Saying that swelling homeless camps in the east metro have become unsafe, unsanitary and potential coronavirus hot spots, Ramsey County leaders are asking the state to open and operate a temporary 200-bed shelter.

More shelter beds would make it possible to humanely dismantle large and unsafe camps — including one just blocks from the State Capitol — and move residents, county leaders said.

Ramsey County officials sent a letter this week to the state’s Homeland Security and Emergency Management division saying they are already stretched beyond capacity and pleading for help.

“Size of encampments is now growing significantly, sanitation approaches established by [St. Paul and Ramsey County] are now failing, and the public health threat from COVID-19 spread, drug use and generally unsanitary and uncontrolled conditions means that the current encampment situation is untenable,” according to the letter from Judson Freed, the county’s director of emergency management and homeland security.

According to Freed’s letter, 149 people were living in St. Paul encampments at the end of April, and the population “has been increasing by significant numbers each week.”

St. Paul Deputy Mayor Jaime Tincher said Friday that city officials are “in complete agreement with the county’s request that we need more low-barrier, indoor shelter capacity.” They’re worried that the camps are dangerous for both the community and the people who stay there.

“There are predators who prey on vulnerable individuals in the tents,” Tincher said. “That is where you get human trafficking and other really unsavory behavior.”

Ramsey County has already spent millions to help homeless people maintain social distancing during the coronavirus crisis. Efforts include spacing out beds at existing shelters, opening 120 homeless beds for isolation and quarantine in downtown St. Paul, preparing 80 similar beds at the shuttered Boys Totem Town youth correctional campus, and renting hundreds of hotel rooms for homeless youth and seniors.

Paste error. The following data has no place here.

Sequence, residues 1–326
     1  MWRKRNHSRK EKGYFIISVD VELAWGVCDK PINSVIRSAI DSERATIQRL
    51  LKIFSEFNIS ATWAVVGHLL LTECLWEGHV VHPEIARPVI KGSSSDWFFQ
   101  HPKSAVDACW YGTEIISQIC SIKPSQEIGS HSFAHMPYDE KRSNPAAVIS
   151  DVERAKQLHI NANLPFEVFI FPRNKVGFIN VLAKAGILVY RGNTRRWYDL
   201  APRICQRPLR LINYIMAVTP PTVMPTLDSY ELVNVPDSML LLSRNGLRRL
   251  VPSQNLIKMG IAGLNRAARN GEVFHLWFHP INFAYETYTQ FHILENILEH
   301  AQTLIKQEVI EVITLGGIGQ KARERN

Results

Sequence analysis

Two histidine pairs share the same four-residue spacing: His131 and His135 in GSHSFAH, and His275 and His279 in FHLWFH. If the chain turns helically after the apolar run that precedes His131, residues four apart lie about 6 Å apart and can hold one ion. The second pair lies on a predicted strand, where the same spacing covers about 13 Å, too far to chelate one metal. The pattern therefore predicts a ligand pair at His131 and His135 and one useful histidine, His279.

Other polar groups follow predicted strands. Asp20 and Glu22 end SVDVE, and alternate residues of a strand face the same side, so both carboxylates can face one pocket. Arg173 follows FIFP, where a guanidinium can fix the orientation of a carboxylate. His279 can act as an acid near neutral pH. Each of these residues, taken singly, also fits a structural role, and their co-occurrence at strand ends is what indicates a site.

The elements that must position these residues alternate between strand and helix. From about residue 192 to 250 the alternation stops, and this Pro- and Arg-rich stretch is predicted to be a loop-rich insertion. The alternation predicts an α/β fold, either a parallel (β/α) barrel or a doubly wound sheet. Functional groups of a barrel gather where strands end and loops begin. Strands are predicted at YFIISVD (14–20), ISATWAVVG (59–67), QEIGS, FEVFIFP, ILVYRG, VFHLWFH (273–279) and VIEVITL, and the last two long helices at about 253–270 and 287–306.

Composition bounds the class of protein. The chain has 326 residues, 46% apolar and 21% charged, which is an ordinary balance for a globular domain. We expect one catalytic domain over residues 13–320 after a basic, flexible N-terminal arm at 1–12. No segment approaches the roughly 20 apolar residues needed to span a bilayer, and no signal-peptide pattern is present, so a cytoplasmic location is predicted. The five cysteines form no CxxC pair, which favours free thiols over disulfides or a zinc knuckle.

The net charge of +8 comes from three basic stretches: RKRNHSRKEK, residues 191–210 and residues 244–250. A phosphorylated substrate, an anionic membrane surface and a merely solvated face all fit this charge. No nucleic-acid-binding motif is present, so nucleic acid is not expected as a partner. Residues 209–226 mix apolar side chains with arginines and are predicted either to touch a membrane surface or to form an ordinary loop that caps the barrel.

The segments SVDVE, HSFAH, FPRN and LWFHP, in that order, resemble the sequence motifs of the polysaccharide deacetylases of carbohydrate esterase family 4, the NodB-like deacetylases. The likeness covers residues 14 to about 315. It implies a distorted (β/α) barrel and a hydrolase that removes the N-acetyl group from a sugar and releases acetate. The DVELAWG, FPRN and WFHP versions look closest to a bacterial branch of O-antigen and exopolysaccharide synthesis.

“The county is stepping up and doing a lot, but we are at the point where we are maxed out. We need the state to be there with us,” said Ramsey County Commissioner Jim McDonough. “ If we are going to try to disassemble these camps, we have to have safe options for folks.”

One of the largest homeless camps consists of nearly 20 tents next to the Minnesota History Center, across the freeway from the State Capitol. The area along Kellogg Boulevard is strewn with trash and smells of urine. Some of those camping there yelled at people approaching the area Friday morning.

“They don’t have access to sanitation or any of the things we know that will help protect us from COVID,” said Ramsey County Commissioner Trista MatasCastillo. “There have been rapes and assaults there. There is open intravenous drug use. It’s not clean and it’s not safe.”

McDonough said he spent several hours Tuesday at the History Center encampment to better understand the issues going on there.

“It was not good,” he said.

In a written statement, state Housing Commissioner Jennifer Leimaile Ho said she is “deeply concerned for the welfare of people facing homelessness outdoors.”

She said the state has mobilized more than $40 million in resources to maintain and expand homeless shelter capacity across Minnesota, including the Twin Cities.

“We are identifying ways to add staffing capacity to local governments to help meet the immediate need and to pick up parts of this response that we know local governments can’t do alone,” Ho said.

McDonough and MatasCastillo said they have been in talks with state officials and were hopeful that help will soon be on the way.

Gov. Tim Walz “keeps talking about a battle plan,” MatasCastillo said. “But we have people being left on the battlefield. We need reinforcements.”